Better building a priority: iLIVE
Public Protector Thuli Madonsela presented a report to parliament last week highlighting the challenges around the government's provision of housing and creating sustainable human settlements in South Africa.
The Department of Human Settlements welcomes this report. The report mainly deals with poorly built houses. It also cites shoddy done work by contractors who preferred short-cuts instead of building durable homes that are safe, conducive for people to live in and worth the money government had paid.
The government has long identified these problems and has been working tirelessly to rectify them. In 2009, Human Settlements Minister Tokyo Sexwale initiated a rigorous process to root out corrupt contractors and discipline officials who fail to act when contractors cheat government by building shoddy houses at the expense of the taxpayer.
Sexwale pointed out in 2009 that the problem was so serious that in some provinces, like Northern Cape and Eastern Cape, more than 3000 houses had to be rebuilt.
"In response to the situation, we need to take a rigorous look at housing delivery, from top to bottom. We need to focus on issues we know are specific impediments, such as fraud, delays, corruption, absentee contractors, ghost houses, shoddy workmanship and corruption around waiting lists," Sexwale said.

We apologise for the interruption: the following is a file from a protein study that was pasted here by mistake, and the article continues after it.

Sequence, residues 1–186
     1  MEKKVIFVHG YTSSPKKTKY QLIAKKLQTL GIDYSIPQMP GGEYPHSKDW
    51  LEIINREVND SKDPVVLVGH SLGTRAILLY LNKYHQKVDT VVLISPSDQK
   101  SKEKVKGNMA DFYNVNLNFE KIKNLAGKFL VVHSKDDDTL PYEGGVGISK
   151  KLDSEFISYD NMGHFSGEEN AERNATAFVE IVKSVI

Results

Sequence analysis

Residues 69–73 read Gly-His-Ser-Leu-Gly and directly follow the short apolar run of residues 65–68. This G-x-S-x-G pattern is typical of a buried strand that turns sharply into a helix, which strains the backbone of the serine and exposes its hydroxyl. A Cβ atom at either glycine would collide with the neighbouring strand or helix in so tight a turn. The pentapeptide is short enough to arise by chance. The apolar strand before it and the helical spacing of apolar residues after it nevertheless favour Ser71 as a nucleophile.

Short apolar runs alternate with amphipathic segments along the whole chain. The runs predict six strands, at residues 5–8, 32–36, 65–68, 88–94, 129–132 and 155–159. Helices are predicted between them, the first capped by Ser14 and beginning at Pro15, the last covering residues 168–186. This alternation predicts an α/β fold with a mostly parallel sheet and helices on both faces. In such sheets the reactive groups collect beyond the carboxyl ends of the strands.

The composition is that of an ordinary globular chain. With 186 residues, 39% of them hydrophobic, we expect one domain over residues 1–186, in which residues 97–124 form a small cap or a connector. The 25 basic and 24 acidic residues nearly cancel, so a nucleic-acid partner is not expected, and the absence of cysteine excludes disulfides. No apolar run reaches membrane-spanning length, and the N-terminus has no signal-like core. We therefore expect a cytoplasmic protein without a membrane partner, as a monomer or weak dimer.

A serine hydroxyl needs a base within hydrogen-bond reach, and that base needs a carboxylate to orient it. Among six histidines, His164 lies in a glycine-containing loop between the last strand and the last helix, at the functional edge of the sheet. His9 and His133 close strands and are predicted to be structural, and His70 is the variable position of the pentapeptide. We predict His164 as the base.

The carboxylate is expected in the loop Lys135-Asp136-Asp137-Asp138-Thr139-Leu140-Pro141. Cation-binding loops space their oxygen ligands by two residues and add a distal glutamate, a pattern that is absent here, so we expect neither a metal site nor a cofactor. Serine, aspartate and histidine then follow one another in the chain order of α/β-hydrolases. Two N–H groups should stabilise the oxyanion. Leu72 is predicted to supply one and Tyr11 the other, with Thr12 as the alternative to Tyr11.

These are the same problems highlighted by the public protector.
However, so much has been done since 2009 as part of government efforts to fix the problems. The minister instituted the National Housing Audit, headed by the Special Investigating Unit, to identify the culprits.
A part of rooting out corruption in allocating government houses, hundreds of officials have been charged for owning government houses when they did not qualify for the benefit. As per the minister's directive, people found guilty of transgressions are facing criminal and civil prosecutions. A total of 1 002 officials have been convicted and R17.9-million recovered
Contractors responsible for shoddy workmanship are currently being prosecuted and public monies recovered.
A housing rectification programme to deal with defective houses built from 2002 has been initiated and investigations are being considered to investigate contracts worth R20-billion.
The government's primary goal is to ensure that all human settlements created in this dispensation assist in making South Africa a better and united country where citizens are proud of the places in which they live and work. Intervention includes improving the size and quality of houses, proper planning of houses and ensuring that all new and old settlements have comprehensive and durable infrastructure and people have access to all essential facilities. The rectification work is expected to continue for a considerable amount of time due to the prevalence of problems.